"It is not religious acts that make the Christian,
but participation in the sufferings of God in secular life - that is real repentance...
not thinking in the first place about one's own problems, sins, needs or fears,
but allowing oneself to be caught up into the life of Jesus Christ.
Then pain is a holy angel - the pain of longing, which needs to be overcome so that something
even holier may be expressed - joy in believing" (Dietrich Bonhoeffer -Letters from Prison).
Every now and then you read something which causes a large 'STOP' sign to appear in your thoughts - similar to how the word 'selah' was used in the Psalms - pause and consider this.
That was certainly the case when I read the above passage this week.
How often do we consider - in a right fashion - the thought, never mind the possibility, of 'suffering' for God in a manner which impacts upon the secular world around us?
The Apostle Paul once spoke words which make me shudder. In his letter to the Colossians, he speaks of how his suffering was 'filling up what was lacking' in Christ's afflictions (1:24) - stewardship which marked him and thereby marked this world.
Of course, in Paul's case, you don't have to probe too deeply to see just how this was so.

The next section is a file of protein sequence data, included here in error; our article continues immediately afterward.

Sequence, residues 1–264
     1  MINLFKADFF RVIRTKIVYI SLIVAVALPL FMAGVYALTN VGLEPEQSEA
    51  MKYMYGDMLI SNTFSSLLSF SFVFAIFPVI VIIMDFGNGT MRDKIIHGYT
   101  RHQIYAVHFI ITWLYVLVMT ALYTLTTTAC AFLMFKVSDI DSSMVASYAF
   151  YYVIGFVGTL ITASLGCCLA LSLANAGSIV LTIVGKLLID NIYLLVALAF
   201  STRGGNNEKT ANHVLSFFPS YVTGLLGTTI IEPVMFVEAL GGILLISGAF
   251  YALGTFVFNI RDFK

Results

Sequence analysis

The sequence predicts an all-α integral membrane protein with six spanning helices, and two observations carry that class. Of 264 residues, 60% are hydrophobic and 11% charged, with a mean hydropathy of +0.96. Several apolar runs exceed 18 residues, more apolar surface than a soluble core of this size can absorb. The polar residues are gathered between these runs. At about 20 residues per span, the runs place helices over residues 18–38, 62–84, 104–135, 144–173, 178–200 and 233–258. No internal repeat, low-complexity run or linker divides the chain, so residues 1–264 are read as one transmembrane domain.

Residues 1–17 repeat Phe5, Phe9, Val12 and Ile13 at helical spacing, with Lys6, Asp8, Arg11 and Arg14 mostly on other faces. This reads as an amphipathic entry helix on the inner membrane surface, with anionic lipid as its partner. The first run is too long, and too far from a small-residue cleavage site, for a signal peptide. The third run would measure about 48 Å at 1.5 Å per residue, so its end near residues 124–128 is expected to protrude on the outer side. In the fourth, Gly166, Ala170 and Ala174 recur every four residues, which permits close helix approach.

"We are the aroma of Christ to God among those who are being saved and lost", he could confess, "a fragrance of death and life" (2 Corinthians 2:15&16). Do people savor something of that in us in our moments here, or is our spirituality unapproachable, our 'light' in some small corner where it never seeps into the daily, the common and the special.
I was reminded today - in a science fiction novel - of the value of Jeremiah.
In the midst of a time of impending and overwhelming events, he did something that, naturally speaking, must have appeared to be the height of folly. Amidst the siege of the city by the might of the Babylonians, he buys real estate! (Jeremiah 32).
How many of us would even consider such an act rational, but there's a mandate here that so much so called 'spirituality' can totally miss.
It is said that when he was once asked what he would do if he knew for certain that the Lord would return this very day, Martin Luther replied that he would go and plant a tree.
Let me ask you something - just how deeply is your redemption, your living, your eternal hope, tied to the reality which surrounds you? Is our faith about jumping ship, going elsewhere, or investing in the moment when Christ returns and makes this place the throne of an eternal kingdom?
As I've talked to friends and neighbours this week, hearing them, through words, art, and other means, express their thoughts on life, as I've watched the world rushing by, I've begun to ponder Bonhoeffer's words afresh - living through faith which counts.
We need to learn about the fellowship of His sufferings, His joy within this hollowed domain, that we can taste something of the beauty which is drawing closer every day.
Let us yearn to partake in such fellowship, to enrich this world with something far beyond money or price...the strength, the exquisite depths, of the love of God in His Son.